Colored sprinkles, flavored chips, pralined nuts … these are just some of the many “little extras” that bakers can fold into batter or dough or scatter across a frosting or glaze. They can also be tossed with flakes or mixed into clusters and extruded into a bar or bite.

Inclusions are the fun and flavorful ingredients that add eye appeal, and often texture, to baked goods. Increasingly, they also serve as a vehicle to add extra nutrition, because inclusions and toppings can be formulated to deliver protein, fiber, vitamins, minerals and even probiotics.

“Inclusions are commonly used in the snack food and baking industries as color, flavor and texture delivery systems,” says Ron Heddleson, senior director of R.&D. for QualiTech Co.

Other extras often added to baked goods include specially prepared fruits and nuts, which are designed to withstand the rigors of the baking process. This includes temperature fluctuations during distribution, as well as lengthy ambient shelf life for packaged snack products.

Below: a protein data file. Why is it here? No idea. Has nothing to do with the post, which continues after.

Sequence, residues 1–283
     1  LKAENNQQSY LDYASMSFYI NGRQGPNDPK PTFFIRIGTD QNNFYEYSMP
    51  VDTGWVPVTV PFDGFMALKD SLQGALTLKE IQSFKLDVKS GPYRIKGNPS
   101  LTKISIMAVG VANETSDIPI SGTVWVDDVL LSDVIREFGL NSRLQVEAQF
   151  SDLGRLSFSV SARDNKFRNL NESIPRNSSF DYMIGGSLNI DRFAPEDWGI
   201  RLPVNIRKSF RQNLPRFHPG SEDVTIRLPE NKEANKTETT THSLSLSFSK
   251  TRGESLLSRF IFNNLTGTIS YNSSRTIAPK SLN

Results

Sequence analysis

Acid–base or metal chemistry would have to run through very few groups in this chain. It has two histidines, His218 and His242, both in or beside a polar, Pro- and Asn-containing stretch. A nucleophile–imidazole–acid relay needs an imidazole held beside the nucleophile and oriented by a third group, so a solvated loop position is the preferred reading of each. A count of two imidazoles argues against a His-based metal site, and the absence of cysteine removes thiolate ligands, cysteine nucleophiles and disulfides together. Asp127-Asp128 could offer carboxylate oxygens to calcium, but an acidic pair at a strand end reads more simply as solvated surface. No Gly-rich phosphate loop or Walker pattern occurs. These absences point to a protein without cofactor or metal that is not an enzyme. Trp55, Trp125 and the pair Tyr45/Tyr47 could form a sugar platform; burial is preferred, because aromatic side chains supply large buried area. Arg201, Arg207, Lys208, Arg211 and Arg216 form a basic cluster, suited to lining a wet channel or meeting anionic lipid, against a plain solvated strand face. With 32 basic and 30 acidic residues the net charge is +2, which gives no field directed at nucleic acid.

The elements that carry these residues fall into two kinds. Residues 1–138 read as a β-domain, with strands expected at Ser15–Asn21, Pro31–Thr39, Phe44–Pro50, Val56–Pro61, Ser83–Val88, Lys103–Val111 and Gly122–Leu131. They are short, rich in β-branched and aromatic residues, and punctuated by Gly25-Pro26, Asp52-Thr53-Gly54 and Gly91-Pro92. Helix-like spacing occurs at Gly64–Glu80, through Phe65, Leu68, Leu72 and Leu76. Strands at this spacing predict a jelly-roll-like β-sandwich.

“Today’s consumer isn’t satisfied with the standard flavors and ingredients of the past,” says Megan Culp, sales manager of Parker Products. “Consumers now look for healthy, clean label baked goods with intriguing culinary flavors. This is true for everything from bagels to donuts to granola bars.

“Exciting ingredients are key to creating exciting baked goods, from new flavors to trendy health ingredients. Since such items typically reflect a small purchase, and many consumers make numerous such purchases, new products are a key way of maintaining consumer interest in your brand. Identifying ingredient trends that work well within existing product formats can be a valuable tool for developing new products.”

Read more about how moisture, real food, bold flavors, texture, and nutrient density factor into inclusions at Food Business News.